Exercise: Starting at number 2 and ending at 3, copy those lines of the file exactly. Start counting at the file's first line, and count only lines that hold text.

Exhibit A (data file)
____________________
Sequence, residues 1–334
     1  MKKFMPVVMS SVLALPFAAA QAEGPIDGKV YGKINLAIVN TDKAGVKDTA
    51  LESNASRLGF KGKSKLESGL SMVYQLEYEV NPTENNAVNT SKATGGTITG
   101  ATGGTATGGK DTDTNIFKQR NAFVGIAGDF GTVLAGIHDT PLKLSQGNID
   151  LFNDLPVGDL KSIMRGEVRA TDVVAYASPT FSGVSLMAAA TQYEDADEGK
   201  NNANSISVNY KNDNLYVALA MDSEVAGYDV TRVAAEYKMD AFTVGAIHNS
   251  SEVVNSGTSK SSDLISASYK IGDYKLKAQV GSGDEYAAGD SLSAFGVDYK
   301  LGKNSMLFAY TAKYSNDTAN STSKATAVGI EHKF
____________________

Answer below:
     1  MKKFMPVVMS SVLALPFAAA QAEGPIDGKV YGKINLAIVN TDKAGVKDTA
    51  LESNASRLGF KGKSKLESGL SMVYQLEYEV NPTENNAVNT SKATGGTITG